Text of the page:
Vulnerability is a fact of life. The Jews of Isaiah’s day didn’t like that anymore than we do. They rejected any notion that God would allow them to suffer at the hands of their enemies. Such a notion was unthinkable. But, friends, the unthinkable happened. The people of Israel would see all of the illusions she maintained about her greatness and her personal worth in the eyes of God come crashing down.
The unexpected hour to which Jesus referred in our second lesson, the hour of judgment, was experienced by Israel with devastating consequences as she saw Jerusalem fall and most of the “best and brightest” of her people carted off into exile by her enemies.
When you can’t move the ball try a new game plan. There is a game plan perfectly suited to your life and mine. You won’t find it laid out in football team playbook. You won’t find it advertised in an infomercial on the television. You won’t find it lined out in the self-help books at the bookstore.
God’s game plan has been in place since the beginning of time. His plan factors into it all the accumulated sin and disobedience the likes of us have ever come up with. He bears the anguish of a parent as he watches us do foolish and self-destructive things. He weeps with those victimized by man’s selfishness and cruelty. He weeps over injustice and neglect.
They were the Chosen, the apple of God’s eye, but they failed. God wept. But God also restored.
Friends, the ending was already written even before Israel chose to go her own way. God restores. That’s God’s game plan. “Though your sins are as scarlet, says the Lord, they shall be as white as snow.” That is God at work, not us. God turns that scarlet to white. It’s all in the game plan. In fact, it is the key element in the game plan.
Our restoration from brokenness to wholeness is the game plan, and God is its guarantor. That ancient fellow Isaiah was given to see the game plan up close. By modern standards the worldview he maintained was very, very limited, yet be that as it may, the God Isaiah worshiped was not limited, IS not limited. The same God who chose Abraham and his insignificant tribe to bring God’s name to a world numbering perhaps in the mere thousands reigns over this vast world we inhabit today.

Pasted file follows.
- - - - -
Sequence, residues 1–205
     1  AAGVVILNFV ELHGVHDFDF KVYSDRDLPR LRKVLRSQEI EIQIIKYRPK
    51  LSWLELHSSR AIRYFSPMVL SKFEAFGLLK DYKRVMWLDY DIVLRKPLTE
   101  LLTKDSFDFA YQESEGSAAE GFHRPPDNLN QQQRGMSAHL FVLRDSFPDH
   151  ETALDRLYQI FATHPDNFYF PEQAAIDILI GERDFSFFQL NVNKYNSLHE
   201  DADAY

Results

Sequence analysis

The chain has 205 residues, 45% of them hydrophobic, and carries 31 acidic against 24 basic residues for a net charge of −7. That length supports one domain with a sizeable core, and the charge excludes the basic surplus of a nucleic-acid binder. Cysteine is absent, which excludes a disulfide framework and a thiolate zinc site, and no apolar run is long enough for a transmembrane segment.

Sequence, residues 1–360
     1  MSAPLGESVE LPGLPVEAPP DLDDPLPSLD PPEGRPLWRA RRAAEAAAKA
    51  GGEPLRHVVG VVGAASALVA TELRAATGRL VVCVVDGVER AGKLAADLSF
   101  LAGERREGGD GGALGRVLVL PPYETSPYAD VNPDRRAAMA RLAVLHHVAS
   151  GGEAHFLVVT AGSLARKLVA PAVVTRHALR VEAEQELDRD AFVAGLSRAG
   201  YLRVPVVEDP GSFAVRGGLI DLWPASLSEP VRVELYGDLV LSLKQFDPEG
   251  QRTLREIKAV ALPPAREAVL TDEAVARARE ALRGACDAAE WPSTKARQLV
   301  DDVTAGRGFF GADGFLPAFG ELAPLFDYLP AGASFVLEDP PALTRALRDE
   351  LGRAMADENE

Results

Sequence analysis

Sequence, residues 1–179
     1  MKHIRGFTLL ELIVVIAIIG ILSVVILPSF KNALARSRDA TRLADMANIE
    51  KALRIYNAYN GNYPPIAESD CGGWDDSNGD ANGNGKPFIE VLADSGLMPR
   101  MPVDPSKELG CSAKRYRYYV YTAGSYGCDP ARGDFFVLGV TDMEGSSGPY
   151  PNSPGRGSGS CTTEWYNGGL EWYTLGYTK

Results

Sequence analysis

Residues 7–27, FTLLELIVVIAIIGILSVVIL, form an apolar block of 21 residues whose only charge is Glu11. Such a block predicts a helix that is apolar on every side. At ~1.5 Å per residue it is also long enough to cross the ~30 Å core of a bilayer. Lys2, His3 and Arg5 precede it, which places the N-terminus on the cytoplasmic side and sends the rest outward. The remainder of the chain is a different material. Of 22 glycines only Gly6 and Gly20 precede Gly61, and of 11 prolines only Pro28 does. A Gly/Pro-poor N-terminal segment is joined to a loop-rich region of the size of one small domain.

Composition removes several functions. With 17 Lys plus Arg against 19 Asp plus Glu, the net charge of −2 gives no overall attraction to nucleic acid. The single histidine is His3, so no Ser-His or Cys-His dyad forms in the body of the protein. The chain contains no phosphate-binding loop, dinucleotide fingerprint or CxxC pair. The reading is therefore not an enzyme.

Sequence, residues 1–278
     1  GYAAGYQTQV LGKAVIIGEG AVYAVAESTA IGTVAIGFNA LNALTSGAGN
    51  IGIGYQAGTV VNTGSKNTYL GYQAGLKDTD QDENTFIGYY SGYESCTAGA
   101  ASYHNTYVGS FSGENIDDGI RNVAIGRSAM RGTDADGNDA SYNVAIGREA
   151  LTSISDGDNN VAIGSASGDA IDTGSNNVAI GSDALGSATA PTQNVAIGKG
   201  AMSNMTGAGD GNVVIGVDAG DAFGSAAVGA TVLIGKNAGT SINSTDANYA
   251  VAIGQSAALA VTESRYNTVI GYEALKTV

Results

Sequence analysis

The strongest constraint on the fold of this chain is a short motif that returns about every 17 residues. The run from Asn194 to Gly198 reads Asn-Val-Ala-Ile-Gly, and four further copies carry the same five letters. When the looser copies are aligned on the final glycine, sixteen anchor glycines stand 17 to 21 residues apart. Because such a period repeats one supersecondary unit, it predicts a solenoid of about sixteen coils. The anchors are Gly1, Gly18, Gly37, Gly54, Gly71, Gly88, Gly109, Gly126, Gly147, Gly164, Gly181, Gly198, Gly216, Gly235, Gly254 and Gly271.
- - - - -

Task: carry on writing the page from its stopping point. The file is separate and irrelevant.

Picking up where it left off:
The hope Isaiah pronounced for the world in God’s name a few centuries later is the same hope we embrace right now, today. It is hope established on unity between nations and peoples, the cessation of war, where swords are retooled into plowshares and spears into pruning hooks.
God has promised to return this world to “mint condition,” and in one greater than all the prophets, Jesus, the Christ, gave the world the final game plan for mint condition.
Restoration is God’s game plan, hope linked not to the fulfillment of your personal ambitions or mine, though God does account for them. The restoration that God envisioned through the prophets is a game plan where hope, justice and righteousness can flourish for all people. That is the reality that God envisions, that is the game plan to which God is committed.
God designs the game plan, but each of us has been given a role in carrying it out.
To be sure, this world may well change through some massive intervention by God, some scenario of judgment. Scripture reports that interventions like that have occurred. Yet throughout most of history God has relied on human agents, his faithful, to do what love, justice and righteousness require. It is largely through the decisions that we are making, or not making, as individuals and nations that we determine the quality of life mankind will enjoy.